For at least 2 years: Keep basic employment and earning records like timecards, wage-rate tables, shipping and billing records, and records of additions to or deductions from wages. Also keep the records that show why you may pay different wages to employees of different sexes, such as wage rates, job evaluations, seniority and merit systems, and collective bargaining agreements.

For at least 1 year: The Equal Employment Opportunity Commission says employers should keep all employment records for at least one year from the employee’s date of termination. 

Other record-keeping laws that may apply to you: 

Under the Occupational Safety and Health Act, you need to keep records of job-related injuries and illnesses for five years. But some records, like those covering toxic substance exposure, have to be kept for 30 years.

You must keep files of benefit plans and seniority and merit systems while they are in effect and for at least a year after they end. You must also retain summary descriptions and annual reports of benefits plans for six years.

If your company is covered by the Family and Medical Leave Act, you must also retain relevant records of leaves, notices, policies, and more for three years. 

Additional laws that may apply to you

Drug and Alcohol testing

Employers in Idaho may test applicants and employees for drugs and alcohol as long as their testing requirements and procedures comply with the Americans with Disabilities Act.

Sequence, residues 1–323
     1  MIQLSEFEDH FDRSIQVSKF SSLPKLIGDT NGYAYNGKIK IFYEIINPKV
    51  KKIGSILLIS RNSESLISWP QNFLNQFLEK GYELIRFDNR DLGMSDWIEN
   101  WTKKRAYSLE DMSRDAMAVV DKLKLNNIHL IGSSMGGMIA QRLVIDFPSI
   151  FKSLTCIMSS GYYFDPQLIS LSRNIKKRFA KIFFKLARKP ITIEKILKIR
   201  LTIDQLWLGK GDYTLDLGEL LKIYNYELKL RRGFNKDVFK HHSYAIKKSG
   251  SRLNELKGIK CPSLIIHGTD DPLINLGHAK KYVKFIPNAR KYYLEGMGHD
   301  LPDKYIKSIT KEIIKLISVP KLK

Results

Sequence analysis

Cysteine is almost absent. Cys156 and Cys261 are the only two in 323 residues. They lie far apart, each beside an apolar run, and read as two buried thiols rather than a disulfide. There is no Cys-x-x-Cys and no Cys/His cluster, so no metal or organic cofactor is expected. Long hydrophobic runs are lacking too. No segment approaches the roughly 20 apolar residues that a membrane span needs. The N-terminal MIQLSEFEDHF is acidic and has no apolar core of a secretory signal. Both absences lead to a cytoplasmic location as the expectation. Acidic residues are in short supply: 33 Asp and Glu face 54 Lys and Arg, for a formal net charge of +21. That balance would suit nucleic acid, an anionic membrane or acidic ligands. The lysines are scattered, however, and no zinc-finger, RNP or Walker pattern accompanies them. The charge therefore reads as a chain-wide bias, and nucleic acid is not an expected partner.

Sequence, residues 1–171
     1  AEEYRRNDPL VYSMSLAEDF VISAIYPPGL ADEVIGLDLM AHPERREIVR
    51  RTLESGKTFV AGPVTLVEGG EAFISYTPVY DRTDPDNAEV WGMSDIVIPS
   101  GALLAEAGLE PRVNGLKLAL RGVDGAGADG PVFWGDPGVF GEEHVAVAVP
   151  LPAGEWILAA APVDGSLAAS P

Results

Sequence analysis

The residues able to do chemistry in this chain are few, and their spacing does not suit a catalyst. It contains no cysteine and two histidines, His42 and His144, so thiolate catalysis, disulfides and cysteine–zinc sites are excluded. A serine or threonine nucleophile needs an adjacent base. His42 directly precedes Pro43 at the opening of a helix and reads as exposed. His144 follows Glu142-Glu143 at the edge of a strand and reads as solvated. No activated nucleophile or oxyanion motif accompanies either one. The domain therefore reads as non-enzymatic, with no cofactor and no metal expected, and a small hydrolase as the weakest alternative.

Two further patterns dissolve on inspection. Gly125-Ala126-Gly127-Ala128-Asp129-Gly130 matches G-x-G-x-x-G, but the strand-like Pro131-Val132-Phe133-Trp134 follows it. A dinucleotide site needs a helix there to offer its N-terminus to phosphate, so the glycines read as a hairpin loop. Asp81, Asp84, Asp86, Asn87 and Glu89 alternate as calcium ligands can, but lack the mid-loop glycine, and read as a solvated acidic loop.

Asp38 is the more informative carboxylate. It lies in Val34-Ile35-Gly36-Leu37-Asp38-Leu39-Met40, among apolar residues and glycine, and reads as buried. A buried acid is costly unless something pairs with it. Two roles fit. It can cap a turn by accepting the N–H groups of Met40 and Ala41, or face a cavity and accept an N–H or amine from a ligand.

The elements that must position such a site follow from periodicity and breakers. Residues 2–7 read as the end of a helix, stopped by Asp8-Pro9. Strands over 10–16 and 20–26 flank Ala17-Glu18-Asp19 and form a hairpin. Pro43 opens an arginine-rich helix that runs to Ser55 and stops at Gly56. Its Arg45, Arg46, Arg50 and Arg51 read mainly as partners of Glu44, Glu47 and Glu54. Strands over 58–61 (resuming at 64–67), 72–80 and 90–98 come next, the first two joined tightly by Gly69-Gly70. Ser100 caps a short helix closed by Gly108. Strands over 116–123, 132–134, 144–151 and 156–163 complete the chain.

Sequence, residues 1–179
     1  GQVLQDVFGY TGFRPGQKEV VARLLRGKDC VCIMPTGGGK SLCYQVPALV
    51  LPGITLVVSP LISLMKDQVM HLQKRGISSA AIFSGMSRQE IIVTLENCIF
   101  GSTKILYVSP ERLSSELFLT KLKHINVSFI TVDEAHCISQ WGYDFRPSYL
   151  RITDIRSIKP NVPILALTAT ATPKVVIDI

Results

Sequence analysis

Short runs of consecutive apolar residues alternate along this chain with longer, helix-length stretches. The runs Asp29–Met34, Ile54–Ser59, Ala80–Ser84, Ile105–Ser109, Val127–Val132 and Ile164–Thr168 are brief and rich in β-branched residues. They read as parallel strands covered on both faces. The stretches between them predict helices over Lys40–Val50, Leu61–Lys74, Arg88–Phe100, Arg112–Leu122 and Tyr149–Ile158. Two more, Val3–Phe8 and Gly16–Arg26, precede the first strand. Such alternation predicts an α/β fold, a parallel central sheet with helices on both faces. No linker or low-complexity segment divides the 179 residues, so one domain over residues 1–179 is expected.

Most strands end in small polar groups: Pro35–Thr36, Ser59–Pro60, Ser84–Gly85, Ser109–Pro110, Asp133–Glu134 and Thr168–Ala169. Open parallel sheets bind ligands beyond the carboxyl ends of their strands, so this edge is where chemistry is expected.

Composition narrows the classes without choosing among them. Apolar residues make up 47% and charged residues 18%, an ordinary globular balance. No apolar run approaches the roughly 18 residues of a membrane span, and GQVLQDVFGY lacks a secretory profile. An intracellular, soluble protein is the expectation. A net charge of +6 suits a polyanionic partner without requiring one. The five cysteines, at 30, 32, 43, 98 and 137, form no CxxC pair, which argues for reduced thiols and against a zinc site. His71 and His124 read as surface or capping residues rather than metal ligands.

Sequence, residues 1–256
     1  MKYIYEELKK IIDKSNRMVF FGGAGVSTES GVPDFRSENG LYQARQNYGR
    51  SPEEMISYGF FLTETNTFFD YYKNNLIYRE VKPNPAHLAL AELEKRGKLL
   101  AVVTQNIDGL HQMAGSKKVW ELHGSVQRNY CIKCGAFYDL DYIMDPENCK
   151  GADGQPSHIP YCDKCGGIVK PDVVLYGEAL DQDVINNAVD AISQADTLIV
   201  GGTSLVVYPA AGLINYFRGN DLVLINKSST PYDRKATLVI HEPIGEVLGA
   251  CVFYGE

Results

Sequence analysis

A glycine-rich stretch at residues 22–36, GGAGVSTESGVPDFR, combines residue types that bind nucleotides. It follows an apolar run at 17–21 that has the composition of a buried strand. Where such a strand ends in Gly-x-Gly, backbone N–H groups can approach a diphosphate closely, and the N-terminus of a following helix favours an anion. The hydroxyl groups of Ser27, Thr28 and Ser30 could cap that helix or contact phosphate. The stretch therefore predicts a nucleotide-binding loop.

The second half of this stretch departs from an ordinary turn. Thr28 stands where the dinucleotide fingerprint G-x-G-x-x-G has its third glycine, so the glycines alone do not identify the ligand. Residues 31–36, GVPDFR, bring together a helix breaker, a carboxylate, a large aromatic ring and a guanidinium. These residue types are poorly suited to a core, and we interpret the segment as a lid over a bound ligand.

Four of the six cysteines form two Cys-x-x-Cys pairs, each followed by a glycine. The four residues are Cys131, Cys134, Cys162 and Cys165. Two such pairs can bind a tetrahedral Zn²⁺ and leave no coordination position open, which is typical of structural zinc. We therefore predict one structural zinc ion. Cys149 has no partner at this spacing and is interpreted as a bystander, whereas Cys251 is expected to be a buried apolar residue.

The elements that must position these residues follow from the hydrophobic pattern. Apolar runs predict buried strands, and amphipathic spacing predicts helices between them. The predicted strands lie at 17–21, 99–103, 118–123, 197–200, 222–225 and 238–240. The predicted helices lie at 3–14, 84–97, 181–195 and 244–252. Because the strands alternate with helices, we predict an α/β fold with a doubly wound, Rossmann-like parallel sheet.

If an employer follows the guidelines of the Idaho Employer Alcohol and Drug-Free Workplace Act, they may be eligible for a discount on their workers’ compensation insurance premiums and an employee’s positive test result constitutes misconduct under the state unemployment benefit law.

COBRA

COBRA is a federal law that allows many employees to continue their health insurance benefits after their employment ends. It applies to employers that have 20 or more employees.

whistleblower protection

Employers in Idaho may not discharge or otherwise retaliate against an employee for opposing, complaining about, or participating in a proceeding regarding discrimination.

In addition, farm operators and farm labor contractors may not discharge or otherwise retaliate against a worker for filing a complaint or testifying about sanitation facilities.

Background checks

Idaho requires that employers conduct background checks for personal care assistants for Medicaid participants.

Compliance Calendar

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 Remember

This summary is not qualified legal advice. Laws are always subject to change, and they can vary from municipality to municipality. It’s up to you to make sure you’re compliant with all laws and statutes in your area. If you need more compliance help, we recommend consulting with a qualified lawyer, checking with your local government agencies, or signing up for Homebase to get help from our certified HR Pros. 

 

Additional Resources